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                      #25
                      Styx was my favorite group when I was in high school and the first couple of years of college. I eventually outgrew them though I still listen to them once in a blue moon for nostalgia.

                      One time around 1980ish, I was listening to the radio because they were supposed be be playing a new Styx song within the hour. So I had my ears pealed at the beginning of each song, wondering if it was the new Styx song. A song came one that sounded pretty cool but in a few minutes I deduced it was not Styx. It was some group called Yes, doing a song called Yours is No Disgrace....

                      I've heard of Saga but have never heard them, as far as I know.

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                        #26
                        So from your reactions. Styx is a much bigger profile band, with a few mainstream / classic rock hits, quite varied musically and not always prog. SAGA has always been a lesser known band yet more consistently prog.

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                          #27
                          Originally posted by Sharp On Attack View Post
                          So from your reactions. Styx is a much bigger profile band, with a few mainstream / classic rock hits, quite varied musically and not always prog. SAGA has always been a lesser known band yet more consistently prog.
                          Well, "bigger profile" depends on where you look, Saga having cornered the all-important Germany/Sweden/Switzerland market… My buddy in Stuttgart has way better odds of seeing them in concert than me, in their home country, ever would… I think Saga's also just been more "consistent", period: as I say, you could spin songs from their first and last albums together, and songwriting wise they may not be that much different, for good or ill: they found what they wanted to do early, and rode that moose to the grave, so to speak. They've definitely flirted with more radio-friendly fare, but also like a lot of bands got tripped up in some record label/management wackiness, which has hurt the momentum.

                          But yeah, both bands have done some quite strong material lately: Styx's last two really have them on a roll, and I hope they keep that up, while Saga's been doing what Saga does, and the last album, Symmetry, an acoustic reworking of previous material, ended up delighting me far more than I expected, generally not being a fan of MTV Unplugged style things. In this case they did some great re-arrangements to really play with the songs.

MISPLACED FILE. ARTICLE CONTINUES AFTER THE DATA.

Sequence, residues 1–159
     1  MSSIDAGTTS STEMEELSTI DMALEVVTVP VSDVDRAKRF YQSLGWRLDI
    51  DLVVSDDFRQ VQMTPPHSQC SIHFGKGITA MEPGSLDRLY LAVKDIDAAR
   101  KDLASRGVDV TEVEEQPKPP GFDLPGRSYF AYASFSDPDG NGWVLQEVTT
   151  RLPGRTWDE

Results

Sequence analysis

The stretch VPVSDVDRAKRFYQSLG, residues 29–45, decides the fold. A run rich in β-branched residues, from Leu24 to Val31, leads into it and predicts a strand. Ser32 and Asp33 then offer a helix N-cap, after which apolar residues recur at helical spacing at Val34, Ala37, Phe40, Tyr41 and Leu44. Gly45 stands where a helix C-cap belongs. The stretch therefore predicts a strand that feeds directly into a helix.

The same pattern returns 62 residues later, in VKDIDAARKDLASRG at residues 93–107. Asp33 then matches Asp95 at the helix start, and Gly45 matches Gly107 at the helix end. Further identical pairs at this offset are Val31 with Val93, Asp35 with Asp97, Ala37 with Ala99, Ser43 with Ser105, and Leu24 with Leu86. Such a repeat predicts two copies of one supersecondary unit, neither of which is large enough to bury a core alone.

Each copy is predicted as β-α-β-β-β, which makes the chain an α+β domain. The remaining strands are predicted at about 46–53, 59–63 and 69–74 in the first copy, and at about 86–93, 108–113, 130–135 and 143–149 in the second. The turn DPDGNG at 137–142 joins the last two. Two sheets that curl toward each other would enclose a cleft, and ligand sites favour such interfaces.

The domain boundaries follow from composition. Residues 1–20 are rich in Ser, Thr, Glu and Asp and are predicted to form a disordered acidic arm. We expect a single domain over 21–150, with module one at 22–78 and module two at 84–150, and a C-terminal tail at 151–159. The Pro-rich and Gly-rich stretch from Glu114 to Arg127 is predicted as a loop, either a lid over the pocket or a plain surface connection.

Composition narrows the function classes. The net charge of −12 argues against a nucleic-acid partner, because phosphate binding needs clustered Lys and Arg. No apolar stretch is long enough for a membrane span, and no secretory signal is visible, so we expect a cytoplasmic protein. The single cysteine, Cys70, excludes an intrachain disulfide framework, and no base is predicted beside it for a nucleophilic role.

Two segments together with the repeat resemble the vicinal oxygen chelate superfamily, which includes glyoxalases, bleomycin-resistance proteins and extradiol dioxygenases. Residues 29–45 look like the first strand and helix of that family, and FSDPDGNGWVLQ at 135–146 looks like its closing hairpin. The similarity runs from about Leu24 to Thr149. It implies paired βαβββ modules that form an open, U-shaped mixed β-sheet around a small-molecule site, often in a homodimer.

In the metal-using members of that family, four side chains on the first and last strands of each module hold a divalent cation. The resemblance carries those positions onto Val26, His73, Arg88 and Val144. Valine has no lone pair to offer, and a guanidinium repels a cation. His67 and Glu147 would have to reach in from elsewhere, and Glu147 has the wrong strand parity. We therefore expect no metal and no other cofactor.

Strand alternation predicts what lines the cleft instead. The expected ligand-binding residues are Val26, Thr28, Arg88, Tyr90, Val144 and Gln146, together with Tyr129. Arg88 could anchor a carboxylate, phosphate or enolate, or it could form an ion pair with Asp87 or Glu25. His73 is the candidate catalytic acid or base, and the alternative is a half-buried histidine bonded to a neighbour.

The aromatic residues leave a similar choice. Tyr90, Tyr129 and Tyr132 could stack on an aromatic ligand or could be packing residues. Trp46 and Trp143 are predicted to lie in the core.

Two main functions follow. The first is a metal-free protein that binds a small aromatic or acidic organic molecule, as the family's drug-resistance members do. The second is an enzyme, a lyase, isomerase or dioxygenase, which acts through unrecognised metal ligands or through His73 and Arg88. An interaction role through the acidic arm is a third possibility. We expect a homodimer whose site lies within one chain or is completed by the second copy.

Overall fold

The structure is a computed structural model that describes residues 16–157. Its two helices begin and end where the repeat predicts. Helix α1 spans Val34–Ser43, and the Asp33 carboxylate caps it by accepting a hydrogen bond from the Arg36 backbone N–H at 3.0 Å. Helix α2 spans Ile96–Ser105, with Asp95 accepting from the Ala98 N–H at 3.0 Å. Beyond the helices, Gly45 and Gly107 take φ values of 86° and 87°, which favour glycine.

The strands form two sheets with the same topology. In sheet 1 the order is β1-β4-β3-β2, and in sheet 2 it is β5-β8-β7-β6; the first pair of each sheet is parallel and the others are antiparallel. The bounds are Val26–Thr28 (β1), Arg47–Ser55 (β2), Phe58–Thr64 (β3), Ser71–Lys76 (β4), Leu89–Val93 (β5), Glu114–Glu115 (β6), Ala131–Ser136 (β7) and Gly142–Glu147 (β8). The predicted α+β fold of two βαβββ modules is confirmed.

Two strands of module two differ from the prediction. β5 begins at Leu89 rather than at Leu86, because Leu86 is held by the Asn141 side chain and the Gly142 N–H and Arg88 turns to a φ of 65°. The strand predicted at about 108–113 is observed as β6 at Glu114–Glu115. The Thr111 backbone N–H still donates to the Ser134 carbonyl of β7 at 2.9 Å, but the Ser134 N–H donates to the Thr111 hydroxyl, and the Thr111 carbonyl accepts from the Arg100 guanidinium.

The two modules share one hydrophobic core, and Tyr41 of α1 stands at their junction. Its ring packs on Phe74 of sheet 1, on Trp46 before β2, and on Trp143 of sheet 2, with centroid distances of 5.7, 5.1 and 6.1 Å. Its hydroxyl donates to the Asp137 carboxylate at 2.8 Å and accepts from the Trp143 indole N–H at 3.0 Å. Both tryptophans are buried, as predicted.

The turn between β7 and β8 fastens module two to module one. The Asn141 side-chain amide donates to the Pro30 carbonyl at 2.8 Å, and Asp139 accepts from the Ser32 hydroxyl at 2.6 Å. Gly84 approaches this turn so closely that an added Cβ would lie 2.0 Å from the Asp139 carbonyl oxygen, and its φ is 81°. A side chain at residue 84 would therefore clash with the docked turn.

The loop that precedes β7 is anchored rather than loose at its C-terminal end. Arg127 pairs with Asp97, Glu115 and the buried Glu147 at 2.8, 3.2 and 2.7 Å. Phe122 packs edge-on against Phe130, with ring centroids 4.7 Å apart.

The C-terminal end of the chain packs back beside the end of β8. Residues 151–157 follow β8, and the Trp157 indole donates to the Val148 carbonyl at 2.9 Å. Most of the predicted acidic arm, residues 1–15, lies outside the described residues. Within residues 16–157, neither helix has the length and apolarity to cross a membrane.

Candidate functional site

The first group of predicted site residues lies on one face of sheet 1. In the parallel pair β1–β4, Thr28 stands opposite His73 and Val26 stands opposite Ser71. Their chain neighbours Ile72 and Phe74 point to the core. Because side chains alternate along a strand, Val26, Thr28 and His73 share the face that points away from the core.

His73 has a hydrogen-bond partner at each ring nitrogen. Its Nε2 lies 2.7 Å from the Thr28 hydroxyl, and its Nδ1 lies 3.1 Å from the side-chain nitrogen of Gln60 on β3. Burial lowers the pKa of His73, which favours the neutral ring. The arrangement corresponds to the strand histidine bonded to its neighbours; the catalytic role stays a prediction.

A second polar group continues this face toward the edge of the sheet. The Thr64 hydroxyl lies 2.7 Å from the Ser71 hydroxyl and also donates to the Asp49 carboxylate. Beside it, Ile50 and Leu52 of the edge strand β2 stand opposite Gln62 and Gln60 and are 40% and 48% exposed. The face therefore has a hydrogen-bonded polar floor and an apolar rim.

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                            #28
                            Originally posted by Sharp On Attack View Post
                            So from your reactions. Styx is a much bigger profile band, with a few mainstream / classic rock hits, quite varied musically and not always prog. SAGA has always been a lesser known band yet more consistently prog.
                            I’m reading it that way in general. But early Styx wasn’t as mainstream to start, and I’d say they had “a lot” of hits vs just a few. Heck, Every fifth song on the radio from Lady, and then 77 - 83 seemed like it was a Styx tune 😆.

                            I wish I had been more familiar with Saga before I went to college, but caught up there. Only really heard the two songs - didn’t have the exposure here, US, or could have just been me.

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                              #29
                              The only Saga song that was a recognizable 'hit' that I remember was 'On The Loose' here in the US, maybe a couple others too but they weren't on my radar. I do remember seeing a couple album covers in the 80's like 'Heads Or Tales' and assumed it was just an album from many of the rock bands around at the time. I didn't totally discover them until 1989 when the first album (1978) bowled me over and I heard a friend's cassette of 1987's Wildest Dreams. 'Only Time Will Tell' from the latter album should have been a huge hit, but it didn't happen. And no, these are not Asia covers - they just seem to have a lot of songs with the same titles as Asia songs. Wildest Dreams, Days Like These, Only Time Will Tell, Without You. Don't know what that's all about...

                              Correct me if I'm wrong, I think 'Don't Be Late' was a sizable hit in Canada - about as popular as Tom Sawyer. Was that their biggest song there or was it On The Loose as well?

                              Symmetry was an enjoyable effort. I would have rather have had an album of rockin' new songs as their first new album since 2014, but that was well executed. It wasn't a stripped down unplugged thing - they actually played some songs like the full band arrangement, just using acoustic instruments (gtr/piano/violin). Other tracks were reworked with different arrangements or inrtros. They also avoided a few obvious songs like On The Loose and Don't Be Late, and I actually prefer the acoustic Money Talks over the House Of Cards album version. I also was delighted by that one, since I don't usually play an unplugged or bare bones acoustic album of familiar or predictable material from any band too often.

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                                #30
                                I think the short songs on Crash of the Crown are intended as an epic, but theorize that someone nixed the idea of presenting them as such. The Styx/Dennis DeYoung story is a weird one indeed. I thought it took a creepy/bizarre turn around a decade ago when DDY reconfigured his band to include clones of Tommy and JY so he could do a full Styx show. Conversely, I thought it was a little tacky that Styx went on social media recently with the band's 50th birthday cake with all the hired guns including new guy Will Evankovich. I mean, c'mon...they just don't have a quorum as the OG Styx. The two remaining principals are well past retirement age. But again, I like the band well enough for what it is.